Frequently asked questions and myths

This is a list of questions I get often, as well as myths many parents hold to be true.

  1. Will my baby cry?

Short answer- yes.

Long answer- if your baby doesn’t ever cry, take them to the pediatrician. Babies cry to communicate (when they’re hungry, wet, bored, sick, etc). As parents, we are reluctant to have the baby cry as we train them, but can listen to them crying for 4 hours at night (every night) as we rock and feed them to sleep. I have found, that we are also unwilling to listen to the baby cry to find out why they are crying. We will often feed them so as to stop the crying- we feed them when they’re cold, wet, scared, etc.

  1. Is it really necessary?

Is any kind of training really necessary? Strength training, cardio or school training? We do them all to better ourselves. Sleep training is beneficial to your baby’s mental and physical health

  1. How do I get my husband/ mother/ mother in law on board with the training?

Allow them to handle the night time feeding for 1 or 2 nights. The most probable reason as to why they aren’t on board, is because they have no experience with, staying up on multiple nights in a row, with a baby who refuses to sleep. Allow them to be involved. Sleep in, don’t get up!

  1. Will the trainer throw out the routine I already have?

Absolutely not. As a sleep coach, I look to enhance parents’ work and routines, provide new knowledge and recommend new habits. All in support of getting baby to sleep through the night.

  1. Is any kind of medication used?

Not even in the slightest!

  1. Will my baby be dehydrated?

We intend to have your baby sleep for 6 to 7 hours uninterrupted. No human can get dehydrated in that time, unless they are literally asleep on the surface of the sun.

  1. Will I sacrifice my own sleep for a week, to sleep train my baby?

As opposed to sacrificing your own sleep for 6 to 12 months before baby learns to sleep by themselves? Unfortunately, we have clients with 4 year olds who come to us for support. The ‘self-learning’ might take much longer than you initially anticipate. The pros outweigh the cons.

  1. How long does it take to sleep train a baby?

In our experience, between 5 and 10 days. The younger the baby is, the faster they learn. We have had a few clients learn in 1 day, most learn in about 3. And a handful take the whole 10 days.

  1. How does it work?

Sleep training is about establishing trust, developing a feeding routine and creating and sticking to a bed time routine. With these 3 basic steps, and professional technology and support, any baby can be sleep trained.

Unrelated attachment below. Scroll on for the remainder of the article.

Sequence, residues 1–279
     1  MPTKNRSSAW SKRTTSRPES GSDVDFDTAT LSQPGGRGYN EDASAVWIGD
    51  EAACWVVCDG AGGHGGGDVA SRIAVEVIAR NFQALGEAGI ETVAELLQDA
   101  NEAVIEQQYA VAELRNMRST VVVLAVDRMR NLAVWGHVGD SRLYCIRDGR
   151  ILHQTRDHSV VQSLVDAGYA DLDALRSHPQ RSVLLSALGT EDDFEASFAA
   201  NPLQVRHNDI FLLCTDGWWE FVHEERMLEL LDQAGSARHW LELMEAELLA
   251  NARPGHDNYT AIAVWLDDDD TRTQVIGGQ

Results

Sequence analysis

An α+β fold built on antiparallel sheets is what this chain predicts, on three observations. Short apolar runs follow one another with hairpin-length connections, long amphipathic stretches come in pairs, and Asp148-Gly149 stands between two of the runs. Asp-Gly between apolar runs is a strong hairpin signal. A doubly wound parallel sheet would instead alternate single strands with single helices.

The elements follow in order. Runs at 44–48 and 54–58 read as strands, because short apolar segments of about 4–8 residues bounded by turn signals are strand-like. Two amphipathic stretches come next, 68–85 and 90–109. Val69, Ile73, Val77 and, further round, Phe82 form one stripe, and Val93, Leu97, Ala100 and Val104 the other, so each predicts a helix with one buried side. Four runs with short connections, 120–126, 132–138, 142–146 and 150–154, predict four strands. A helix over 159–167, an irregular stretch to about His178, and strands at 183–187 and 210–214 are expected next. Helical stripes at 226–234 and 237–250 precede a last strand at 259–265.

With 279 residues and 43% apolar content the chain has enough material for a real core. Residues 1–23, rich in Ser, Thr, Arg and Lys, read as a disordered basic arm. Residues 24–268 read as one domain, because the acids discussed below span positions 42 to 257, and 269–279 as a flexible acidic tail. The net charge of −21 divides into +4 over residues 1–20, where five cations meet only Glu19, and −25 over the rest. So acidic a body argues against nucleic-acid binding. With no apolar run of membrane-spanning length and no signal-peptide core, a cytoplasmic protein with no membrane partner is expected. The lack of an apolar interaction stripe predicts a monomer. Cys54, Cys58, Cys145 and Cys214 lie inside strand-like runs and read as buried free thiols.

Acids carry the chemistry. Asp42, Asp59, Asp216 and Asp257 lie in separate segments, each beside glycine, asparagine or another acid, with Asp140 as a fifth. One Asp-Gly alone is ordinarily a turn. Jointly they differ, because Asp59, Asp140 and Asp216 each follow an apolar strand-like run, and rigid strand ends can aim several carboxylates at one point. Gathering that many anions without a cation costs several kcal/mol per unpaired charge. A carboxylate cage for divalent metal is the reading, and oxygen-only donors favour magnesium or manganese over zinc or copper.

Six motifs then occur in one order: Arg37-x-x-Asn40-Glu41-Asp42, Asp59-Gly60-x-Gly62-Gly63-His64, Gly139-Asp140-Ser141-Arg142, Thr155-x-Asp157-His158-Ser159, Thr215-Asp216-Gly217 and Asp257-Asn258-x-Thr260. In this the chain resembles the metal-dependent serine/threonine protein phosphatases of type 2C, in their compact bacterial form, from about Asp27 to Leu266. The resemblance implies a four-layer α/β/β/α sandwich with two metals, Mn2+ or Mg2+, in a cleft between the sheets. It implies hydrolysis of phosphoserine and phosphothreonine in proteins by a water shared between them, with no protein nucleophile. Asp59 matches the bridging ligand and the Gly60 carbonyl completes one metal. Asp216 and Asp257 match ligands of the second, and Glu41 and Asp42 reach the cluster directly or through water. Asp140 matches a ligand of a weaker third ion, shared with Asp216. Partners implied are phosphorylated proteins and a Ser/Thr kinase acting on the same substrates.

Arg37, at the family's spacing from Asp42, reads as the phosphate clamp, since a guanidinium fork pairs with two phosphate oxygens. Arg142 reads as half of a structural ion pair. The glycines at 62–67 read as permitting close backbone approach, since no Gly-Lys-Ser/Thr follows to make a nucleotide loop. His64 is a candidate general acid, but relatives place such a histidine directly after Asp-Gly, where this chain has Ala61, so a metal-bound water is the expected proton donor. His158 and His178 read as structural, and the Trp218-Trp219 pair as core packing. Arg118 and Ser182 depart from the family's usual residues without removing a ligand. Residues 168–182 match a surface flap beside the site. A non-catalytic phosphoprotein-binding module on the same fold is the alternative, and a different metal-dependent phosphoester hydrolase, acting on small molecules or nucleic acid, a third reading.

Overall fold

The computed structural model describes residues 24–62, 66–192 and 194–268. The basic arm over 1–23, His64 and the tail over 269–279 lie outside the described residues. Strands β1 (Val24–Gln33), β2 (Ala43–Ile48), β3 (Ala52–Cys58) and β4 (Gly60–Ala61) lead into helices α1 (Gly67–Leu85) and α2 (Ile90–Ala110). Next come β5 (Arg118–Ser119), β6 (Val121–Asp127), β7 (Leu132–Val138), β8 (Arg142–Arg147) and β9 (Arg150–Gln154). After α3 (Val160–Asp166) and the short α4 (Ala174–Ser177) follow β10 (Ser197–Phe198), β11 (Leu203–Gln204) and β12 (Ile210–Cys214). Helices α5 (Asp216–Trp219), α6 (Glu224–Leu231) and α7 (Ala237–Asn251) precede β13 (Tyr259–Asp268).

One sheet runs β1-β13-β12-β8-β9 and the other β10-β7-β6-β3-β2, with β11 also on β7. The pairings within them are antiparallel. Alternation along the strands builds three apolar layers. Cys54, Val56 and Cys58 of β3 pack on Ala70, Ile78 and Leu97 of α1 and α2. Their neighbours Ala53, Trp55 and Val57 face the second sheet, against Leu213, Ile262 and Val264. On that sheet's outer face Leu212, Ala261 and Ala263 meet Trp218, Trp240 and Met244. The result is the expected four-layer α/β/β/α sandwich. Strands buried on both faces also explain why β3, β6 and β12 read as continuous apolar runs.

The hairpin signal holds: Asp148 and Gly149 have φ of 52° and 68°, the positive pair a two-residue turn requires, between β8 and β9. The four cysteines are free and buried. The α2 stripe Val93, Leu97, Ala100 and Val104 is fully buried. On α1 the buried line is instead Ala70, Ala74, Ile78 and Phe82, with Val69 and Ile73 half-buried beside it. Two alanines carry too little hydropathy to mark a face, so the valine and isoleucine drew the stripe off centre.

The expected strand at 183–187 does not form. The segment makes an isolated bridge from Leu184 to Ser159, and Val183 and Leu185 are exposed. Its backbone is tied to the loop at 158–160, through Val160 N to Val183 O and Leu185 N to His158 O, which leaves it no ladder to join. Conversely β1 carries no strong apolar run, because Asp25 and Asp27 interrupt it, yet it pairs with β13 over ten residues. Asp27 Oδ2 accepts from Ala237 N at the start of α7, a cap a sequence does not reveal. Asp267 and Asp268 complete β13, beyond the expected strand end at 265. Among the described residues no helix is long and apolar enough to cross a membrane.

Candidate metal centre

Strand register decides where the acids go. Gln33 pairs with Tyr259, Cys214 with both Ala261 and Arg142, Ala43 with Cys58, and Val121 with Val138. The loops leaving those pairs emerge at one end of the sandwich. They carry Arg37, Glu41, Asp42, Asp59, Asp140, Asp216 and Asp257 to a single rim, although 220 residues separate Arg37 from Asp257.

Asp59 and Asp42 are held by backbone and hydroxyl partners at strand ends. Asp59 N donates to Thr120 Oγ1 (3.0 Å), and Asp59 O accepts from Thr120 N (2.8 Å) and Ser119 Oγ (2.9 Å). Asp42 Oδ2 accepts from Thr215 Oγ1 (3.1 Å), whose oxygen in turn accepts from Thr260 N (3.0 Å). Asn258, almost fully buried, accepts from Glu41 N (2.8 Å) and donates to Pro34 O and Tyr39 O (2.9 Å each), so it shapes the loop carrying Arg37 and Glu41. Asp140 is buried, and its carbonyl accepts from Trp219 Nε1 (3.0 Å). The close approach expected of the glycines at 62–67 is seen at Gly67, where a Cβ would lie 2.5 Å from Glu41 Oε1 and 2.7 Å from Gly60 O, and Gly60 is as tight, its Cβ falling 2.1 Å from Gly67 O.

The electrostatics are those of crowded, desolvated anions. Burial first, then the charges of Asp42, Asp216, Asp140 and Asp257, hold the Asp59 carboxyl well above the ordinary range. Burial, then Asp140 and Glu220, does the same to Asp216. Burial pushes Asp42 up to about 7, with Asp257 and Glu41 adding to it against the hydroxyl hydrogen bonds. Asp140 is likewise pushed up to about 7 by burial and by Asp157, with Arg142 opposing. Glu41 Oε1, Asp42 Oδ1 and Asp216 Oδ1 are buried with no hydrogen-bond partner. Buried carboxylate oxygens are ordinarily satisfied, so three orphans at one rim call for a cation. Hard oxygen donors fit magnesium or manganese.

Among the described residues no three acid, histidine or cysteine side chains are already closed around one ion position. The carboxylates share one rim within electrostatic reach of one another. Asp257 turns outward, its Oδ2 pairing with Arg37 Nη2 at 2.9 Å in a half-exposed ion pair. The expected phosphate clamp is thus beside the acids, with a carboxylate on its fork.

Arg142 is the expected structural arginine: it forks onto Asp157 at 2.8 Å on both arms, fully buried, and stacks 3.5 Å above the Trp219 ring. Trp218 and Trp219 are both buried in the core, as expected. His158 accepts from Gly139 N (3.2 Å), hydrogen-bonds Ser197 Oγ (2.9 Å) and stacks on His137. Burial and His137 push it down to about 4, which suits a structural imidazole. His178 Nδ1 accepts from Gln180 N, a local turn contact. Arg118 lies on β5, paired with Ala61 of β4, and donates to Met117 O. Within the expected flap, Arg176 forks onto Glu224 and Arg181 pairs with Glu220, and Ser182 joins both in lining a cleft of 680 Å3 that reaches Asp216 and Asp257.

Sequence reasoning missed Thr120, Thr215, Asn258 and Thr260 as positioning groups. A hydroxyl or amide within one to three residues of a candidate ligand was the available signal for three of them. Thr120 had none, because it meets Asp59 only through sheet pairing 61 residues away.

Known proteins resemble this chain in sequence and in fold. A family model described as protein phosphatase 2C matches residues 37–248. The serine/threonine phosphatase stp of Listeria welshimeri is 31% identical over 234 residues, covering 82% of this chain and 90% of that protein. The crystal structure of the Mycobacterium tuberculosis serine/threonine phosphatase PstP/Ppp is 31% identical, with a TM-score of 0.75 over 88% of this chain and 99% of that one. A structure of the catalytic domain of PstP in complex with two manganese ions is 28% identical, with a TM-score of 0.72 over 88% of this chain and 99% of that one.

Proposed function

1. Will it work if my baby is sick?

We recommend you wait till your baby is feeling better to train him/her.


Myths Busted

  1. Sleep training is un-African

The core of the technology I use was taught to me by my mother, who was taught by her own mother, who likely learned it from my great grand-mother.  This mountain was not discovered by a Portuguese explorer.  Only the English language terminology makes the process appear western.

  1. Sleep training only works for girls

This myth probably has a lot to do with the way we socialize boys and girls, and thus, form their personalities later on. However, scientific studies have shown that there are no significant differences in personalities between baby boys and girls. Sleep training is effective for both boys and girls.

  1. New born babies are too young to sleep through the night

New born babies have been known to sleep for up to 20 hours a day. They wake up often, but are asleep most of the time.

  1. Sleep training is harmful/traumatic to babies

Babies who have been sleep trained, have been found to be happier, healthier and better adjusted (as toddlers) than babies who have not been sleep trained.

  1. Sleep training doesn’t work for babies who are strong willed

I honestly, do not know of any babies who are more strong willed than my own. I am willing to bet that this myth comes from parents who are not particularly strong willed themselves, and allow their babies to control their household. I recommend you do not consider your child the boss of the house. It is only cute for the first or second year of their lives. After that, you will start using terms like ‘terrible two’ and ‘nightmare’ and ‘hard headed’ to describe your child.


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